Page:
Eugene A. Cernan, who died on Monday at the age of 82, was the last of a dozen men to leave footprints on the moon. He did so almost 45 years ago. Here is a look at the 12 astronauts who walked on the lunar surface.
Mission: Apollo 11 | 1969
Mr. Armstrong became a global hero when he made “one giant leap for mankind,” a moment that symbolized human beings’ ability to reach the unreachable. Hundreds of millions of people watched on television as he then bounded like a kangaroo in low lunar gravity.
Edwin (Buzz) Aldrin
Mr. Aldrin followed Mr. Armstrong out of the landing craft, becoming the second human to set foot on the moon. Later, he focused on a new destination, Mars, telling The New York Times Magazine that it was far more interesting. “It has seasons,” he said.
Charles (Pete) Conrad
In November 1969, Mr. Conrad spent seven hours and 45 minutes on the lunar surface, where he set up a nuclear generator to power experiments. He later said that walking on the moon had little impact on his life.
Alan L. Bean
Mission: Apollo 12 | 1969
The Apollo astronauts were known for hobbies like hunting, sports cars, golf and skiing. Mr. Bean was studying art, painting still lifes to unwind between missions.
Mr. Bean was the fourth man to walk on the moon. He became an artist, trying to recapture through paintings what he and other astronauts had witnessed.
Alan B. Shepard Jr.
Years before Mr. Shepard walked on the moon, he became the first American to fly in space. That flight, on May 5, 1961, lasted just 15 minutes, but it lifted national spirits amid Cold War anxiety, even though the Soviet Union had sent a man into space 23 days earlier.
During his Apollo mission to the moon, he took several spirited whacks at golf balls with a makeshift six-iron that he had brought along. In the weak lunar gravity, the balls sailed.
“He lived every golfer’s dream,” President Bill Clinton said, calling Mr. Shepard “one of the great heroes of modern America.”
Edgar D. Mitchell
Spending just over nine hours on two moonwalks, Mr. Mitchell and the Apollo 14 crew collected more than 94 pounds of rock samples, which they piled into a two-wheel cart they were hauling.
Mr. Mitchell, who had a doctorate in flight sciences, had long maintained a parallel interest in the study of consciousness, a fascination that was heightened during his return from the moon.
Above all, I felt the need for a radical change in our culture. I knew we were replete with untapped intuitive and psychic forces which we must utilize if we were to survive, forces that Western society had programmed us to disregard.”
“Oh, this is really profound, fantastic!” Mr. Scott exclaimed, seeing the moon for the first time from orbit. He described a desolate world of craters and rugged mountains.
The goal of the mission was to land near one of the most majestic mountain ranges on the moon, the Apennines. This moonscape offered a wider variety of geological formations to study than previous missions had.
James B. Irwin
“I felt the power of God as I’d never felt it before,” Mr. Irwin said about walking on the lunar surface. He was one of the first astronauts to use a battery-operated, four-wheel runabout, Rover 1, which enabled the Apollo 15 crew to collect 175 pounds of rocks and soil. A year later, he resigned from the astronaut corps to dedicate his life to serving Jesus Christ.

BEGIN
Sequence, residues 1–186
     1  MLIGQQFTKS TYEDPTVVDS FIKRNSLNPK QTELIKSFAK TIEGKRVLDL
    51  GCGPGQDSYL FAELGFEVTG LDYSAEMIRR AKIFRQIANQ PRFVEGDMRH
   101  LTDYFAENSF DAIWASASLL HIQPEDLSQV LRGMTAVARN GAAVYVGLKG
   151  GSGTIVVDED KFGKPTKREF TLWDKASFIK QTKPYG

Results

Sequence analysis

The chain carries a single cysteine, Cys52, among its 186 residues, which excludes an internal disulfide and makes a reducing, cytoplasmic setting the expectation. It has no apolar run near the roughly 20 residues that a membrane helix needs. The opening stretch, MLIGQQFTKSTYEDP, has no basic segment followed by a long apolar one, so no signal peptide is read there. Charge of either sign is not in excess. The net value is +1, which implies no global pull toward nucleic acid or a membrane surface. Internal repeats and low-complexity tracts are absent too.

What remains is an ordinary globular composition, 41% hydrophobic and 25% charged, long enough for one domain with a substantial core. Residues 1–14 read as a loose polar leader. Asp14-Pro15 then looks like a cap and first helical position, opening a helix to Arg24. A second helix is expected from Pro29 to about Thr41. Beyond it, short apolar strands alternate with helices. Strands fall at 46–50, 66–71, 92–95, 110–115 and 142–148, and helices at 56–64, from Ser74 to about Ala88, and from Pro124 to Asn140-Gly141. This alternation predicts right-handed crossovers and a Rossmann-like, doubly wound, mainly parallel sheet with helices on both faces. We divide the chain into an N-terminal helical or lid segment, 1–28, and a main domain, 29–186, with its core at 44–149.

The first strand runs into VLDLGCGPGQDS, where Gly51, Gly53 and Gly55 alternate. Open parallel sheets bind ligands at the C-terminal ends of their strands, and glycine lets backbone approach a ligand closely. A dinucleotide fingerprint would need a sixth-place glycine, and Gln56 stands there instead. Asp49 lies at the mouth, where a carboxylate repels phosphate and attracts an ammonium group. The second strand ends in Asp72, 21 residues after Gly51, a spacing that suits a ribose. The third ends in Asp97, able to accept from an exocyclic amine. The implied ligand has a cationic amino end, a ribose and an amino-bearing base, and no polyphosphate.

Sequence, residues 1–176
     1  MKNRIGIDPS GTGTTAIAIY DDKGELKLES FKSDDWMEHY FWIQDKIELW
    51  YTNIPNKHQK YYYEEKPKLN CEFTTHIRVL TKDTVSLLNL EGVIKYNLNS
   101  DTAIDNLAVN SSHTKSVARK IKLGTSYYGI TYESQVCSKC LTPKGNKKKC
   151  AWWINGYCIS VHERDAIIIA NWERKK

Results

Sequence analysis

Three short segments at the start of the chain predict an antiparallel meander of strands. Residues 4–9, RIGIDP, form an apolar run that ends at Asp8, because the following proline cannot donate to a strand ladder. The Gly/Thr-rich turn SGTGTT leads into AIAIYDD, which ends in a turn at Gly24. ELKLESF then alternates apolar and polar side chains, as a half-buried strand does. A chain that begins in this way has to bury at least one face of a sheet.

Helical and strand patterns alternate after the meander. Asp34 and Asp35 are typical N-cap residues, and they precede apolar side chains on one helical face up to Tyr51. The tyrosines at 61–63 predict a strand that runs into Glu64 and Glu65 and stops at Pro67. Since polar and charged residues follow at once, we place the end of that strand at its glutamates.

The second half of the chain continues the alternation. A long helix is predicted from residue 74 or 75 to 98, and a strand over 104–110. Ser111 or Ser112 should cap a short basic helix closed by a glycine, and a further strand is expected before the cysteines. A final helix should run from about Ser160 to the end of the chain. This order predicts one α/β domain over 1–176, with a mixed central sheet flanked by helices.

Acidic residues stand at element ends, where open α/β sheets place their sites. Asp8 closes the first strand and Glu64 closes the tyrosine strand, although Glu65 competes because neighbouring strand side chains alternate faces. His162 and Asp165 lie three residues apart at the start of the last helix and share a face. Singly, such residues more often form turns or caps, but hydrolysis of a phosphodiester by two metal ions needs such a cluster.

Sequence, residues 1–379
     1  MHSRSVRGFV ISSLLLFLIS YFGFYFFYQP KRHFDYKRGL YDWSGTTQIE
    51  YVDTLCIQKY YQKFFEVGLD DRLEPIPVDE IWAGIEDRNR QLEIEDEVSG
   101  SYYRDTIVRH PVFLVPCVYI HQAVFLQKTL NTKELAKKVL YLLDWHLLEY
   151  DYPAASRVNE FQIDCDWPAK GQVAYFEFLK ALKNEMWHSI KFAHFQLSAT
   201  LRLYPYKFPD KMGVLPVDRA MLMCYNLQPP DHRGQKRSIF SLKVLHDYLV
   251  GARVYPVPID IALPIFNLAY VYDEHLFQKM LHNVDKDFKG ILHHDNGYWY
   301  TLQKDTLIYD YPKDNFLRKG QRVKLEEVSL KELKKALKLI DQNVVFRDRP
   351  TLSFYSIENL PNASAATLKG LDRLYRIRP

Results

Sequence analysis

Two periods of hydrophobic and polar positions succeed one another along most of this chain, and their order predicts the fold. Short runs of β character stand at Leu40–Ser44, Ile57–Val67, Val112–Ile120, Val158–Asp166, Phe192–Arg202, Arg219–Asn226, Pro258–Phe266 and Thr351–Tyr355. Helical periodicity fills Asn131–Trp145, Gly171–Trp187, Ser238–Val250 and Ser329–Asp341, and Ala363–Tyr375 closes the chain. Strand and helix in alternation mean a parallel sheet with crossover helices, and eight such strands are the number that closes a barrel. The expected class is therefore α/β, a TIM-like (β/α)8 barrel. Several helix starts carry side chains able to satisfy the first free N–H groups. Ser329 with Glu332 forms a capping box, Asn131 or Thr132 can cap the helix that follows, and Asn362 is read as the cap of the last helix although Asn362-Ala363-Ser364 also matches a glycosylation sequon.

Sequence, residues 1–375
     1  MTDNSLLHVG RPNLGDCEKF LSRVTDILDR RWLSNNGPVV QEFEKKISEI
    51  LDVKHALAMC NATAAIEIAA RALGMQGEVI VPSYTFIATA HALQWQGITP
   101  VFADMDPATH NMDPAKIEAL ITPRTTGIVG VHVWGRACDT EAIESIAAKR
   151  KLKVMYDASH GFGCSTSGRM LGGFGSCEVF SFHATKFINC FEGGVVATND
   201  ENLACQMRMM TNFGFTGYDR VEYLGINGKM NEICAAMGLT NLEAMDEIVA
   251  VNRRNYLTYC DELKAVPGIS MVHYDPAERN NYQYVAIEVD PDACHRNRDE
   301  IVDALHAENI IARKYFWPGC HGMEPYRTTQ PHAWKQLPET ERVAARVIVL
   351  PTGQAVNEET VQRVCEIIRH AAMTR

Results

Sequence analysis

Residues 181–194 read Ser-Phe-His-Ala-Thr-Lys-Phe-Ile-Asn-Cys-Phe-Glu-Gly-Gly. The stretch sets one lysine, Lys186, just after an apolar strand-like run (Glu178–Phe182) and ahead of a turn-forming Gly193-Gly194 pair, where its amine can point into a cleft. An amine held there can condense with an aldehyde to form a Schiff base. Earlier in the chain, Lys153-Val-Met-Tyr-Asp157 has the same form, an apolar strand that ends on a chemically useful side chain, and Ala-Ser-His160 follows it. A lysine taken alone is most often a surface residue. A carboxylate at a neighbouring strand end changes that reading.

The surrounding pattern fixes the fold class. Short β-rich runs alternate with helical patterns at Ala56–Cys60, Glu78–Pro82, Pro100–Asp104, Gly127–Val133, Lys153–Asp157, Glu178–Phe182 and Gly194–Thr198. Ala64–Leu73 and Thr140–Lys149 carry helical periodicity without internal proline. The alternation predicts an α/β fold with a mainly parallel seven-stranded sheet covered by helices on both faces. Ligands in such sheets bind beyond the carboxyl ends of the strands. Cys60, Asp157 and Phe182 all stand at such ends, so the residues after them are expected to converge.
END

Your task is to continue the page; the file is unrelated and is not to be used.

On two occasions, he led expeditions to Mount Ararat in Turkey in search of evidence of Noah’s Ark. In 1982, he reached the 16,946-foot summit but fell and had to be carried down on horseback. A year later, he surveyed the summit by airplane, looking for possible remains of the ark.
“It’s easier to walk on the moon,” Mr. Irwin said. “I’ve done all I possibly can, but the ark continues to elude us.”
Apollo 16 returned with 200 pounds of rock samples collected during a lunar excursion. The 11-day mission cost taxpayers $455 million.
You got your money’s worth on this one,” Mr. Young said upon his return to Earth. “You saw an example of goal‐oriented teamwork, the kind of thing that made this country great and is going to keep it that way.”
Charles M. Duke Jr.
The mission’s explorers, seemingly inexhaustible, spent three days on the moon, gathering crystalline rocks from the Descartes landing site, an area that had not yet been visited by humans.
After returning home, the men received a call from President Richard M. Nixon. “The entire nation is proud of you,” he said.
In addition to serving as lunar module pilot of Apollo 16, Mr. Duke was a backup lunar module pilot for several other Apollo missions.
Eugene A. Cernan
I’d like to dedicate the first step of Apollo 17 to all those who made it possible.
Mr. Cernan made spacewalks and romps over the lunar surface look routine, and in a way, they were by 1972. But his mission was a technological triumph above the others. On three rover excursions that took the crew 21 miles, they collected nearly 250 pounds of rocks and soil, including strange orange and red soil samples.
Mr. Cernan was known for his sense of adventure. He slid down a banister on a visit to the White House and once crashed a helicopter in the Atlantic while chasing a dolphin.
Harrison H. Schmitt
Dr. Schmitt was the first geologist assigned to an Apollo crew after the science community pushed the government to send a trained scientist to the moon, according to NASA.
The crew, which planned to gather samples that would allow researchers to expand their knowledge about the moon’s formation and evolution, spent about 75 hours on the moon’s surface, longer than any other moonwalkers. Humans have not walked on the lunar surface since.
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